Atlantic SSTs from 50–60° N, 50–10° W and SLPs from 0–50° N, 70–10° W has been utilized to monitor the strength of the AMO in real time. When the AMO is positive, SSTs in the far North Atlantic tend to be warmer, while SLPs throughout the tropics and subtropics tend to be lower. This index has decreased since 2012: SST anomalies in the tropical and far North Atlantic have become cooler and SLP anomalies throughout most of the Atlantic have increased. The decrease in far North Atlantic SSTs in the past three years has been associated with a weaker thermohaline circulation. Annual mean SSTs in the North Atlantic have cooled in 2013 and 2014 compared with values averaged from 1995 to 2012.
A large variety of other climatic factors have also been shown to be linked to phase changes of the AMO including frequency and intensity of El Niño and likelihood of Sahelian drought. Consequently, the impacts of a potential phase change of the AMO extend well beyond its impacts on Atlantic basin hurricane activity.
McCarthy et al.
Ocean impact on decadal Atlantic climate variability revealed by sea-level observations
Gerard McCarthy, Ivan Haigh, Joel Hirschi, Jeremy Grist, David Smeed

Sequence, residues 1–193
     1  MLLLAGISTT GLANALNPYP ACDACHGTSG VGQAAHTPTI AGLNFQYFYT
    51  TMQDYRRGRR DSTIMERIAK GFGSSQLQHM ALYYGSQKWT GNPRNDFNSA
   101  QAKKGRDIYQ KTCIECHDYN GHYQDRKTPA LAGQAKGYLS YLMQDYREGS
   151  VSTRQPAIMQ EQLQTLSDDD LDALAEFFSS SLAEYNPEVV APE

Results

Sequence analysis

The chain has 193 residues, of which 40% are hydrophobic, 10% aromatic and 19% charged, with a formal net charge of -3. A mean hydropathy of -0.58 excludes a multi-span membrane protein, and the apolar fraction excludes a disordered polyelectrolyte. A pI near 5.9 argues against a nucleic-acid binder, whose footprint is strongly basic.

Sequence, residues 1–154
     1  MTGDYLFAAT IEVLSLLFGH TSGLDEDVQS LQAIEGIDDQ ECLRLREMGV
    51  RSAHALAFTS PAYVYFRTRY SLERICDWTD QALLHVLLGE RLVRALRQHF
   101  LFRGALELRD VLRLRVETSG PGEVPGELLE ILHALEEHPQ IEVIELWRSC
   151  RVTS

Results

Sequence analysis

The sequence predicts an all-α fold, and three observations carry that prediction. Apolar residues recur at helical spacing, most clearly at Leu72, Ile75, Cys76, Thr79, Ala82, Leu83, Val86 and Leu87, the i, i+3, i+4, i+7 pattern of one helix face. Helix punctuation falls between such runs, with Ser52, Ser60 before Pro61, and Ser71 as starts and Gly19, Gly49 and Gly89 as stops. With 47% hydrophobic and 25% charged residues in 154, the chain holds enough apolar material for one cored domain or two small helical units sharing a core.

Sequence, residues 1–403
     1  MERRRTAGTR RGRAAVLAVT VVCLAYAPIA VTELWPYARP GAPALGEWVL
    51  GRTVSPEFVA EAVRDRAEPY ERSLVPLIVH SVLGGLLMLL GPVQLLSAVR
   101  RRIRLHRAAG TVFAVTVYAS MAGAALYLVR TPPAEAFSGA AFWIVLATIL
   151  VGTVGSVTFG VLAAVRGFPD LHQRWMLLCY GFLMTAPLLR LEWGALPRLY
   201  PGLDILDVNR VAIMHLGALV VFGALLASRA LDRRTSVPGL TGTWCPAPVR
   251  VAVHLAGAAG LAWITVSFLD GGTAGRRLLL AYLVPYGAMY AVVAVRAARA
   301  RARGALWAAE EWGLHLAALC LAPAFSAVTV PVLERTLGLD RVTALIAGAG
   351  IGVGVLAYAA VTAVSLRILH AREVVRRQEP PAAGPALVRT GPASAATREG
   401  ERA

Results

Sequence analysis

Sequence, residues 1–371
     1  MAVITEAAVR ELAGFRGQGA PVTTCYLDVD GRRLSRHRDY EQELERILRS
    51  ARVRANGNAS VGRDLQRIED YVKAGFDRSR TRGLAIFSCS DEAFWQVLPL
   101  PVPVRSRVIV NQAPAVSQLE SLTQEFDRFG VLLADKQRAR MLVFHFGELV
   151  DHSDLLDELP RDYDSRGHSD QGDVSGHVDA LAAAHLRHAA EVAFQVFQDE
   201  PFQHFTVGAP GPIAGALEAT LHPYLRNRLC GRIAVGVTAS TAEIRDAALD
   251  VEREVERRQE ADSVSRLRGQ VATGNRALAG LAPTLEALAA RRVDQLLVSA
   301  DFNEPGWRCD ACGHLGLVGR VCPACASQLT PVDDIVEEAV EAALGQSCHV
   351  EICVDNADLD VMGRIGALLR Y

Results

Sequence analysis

Abstract. Decadal variability is a notable feature of the Atlantic Ocean and the climate of the regions it influences. Prominently, this is manifested in the Atlantic Multidecadal Oscillation (AMO) in sea surface temperatures. Positive (negative) phases of the AMO coincide with warmer (colder) North Atlantic sea surface temperatures. The AMO is linked with decadal climate fluctuations, such as Indian and Sahel rainfall1, European summer precipitation, Atlantic hurricanes3 and variations in global temperatures. It is widely believed that ocean circulation drives the phase changes of the AMO by controlling ocean heat content. However, there are no direct observations of ocean circulation of sufficient length to support this, leading to questions about whether the AMO is controlled from another source. Here we provide observational evidence of the widely hypothesized link between ocean circulation and the AMO. We take a new approach, using sea level along the east coast of the United States to estimate ocean circulation on decadal timescales. We show that ocean circulation responds to the first mode of Atlantic atmospheric forcing, the North Atlantic Oscillation, through circulation changes between the subtropical and subpolar gyres—the intergyre region. These circulation changes affect the decadal evolution of North Atlantic heat content and, consequently, the phases of the AMO. The Atlantic overturning circulation is declining and the AMO is moving to a negative phase. This may offer a brief respite from the persistent rise of global temperatures, but in the coupled system we describe, there are compensating effects. In this case, the negative AMO is associated with a continued acceleration of sea-level rise along the northeast coast of the United States.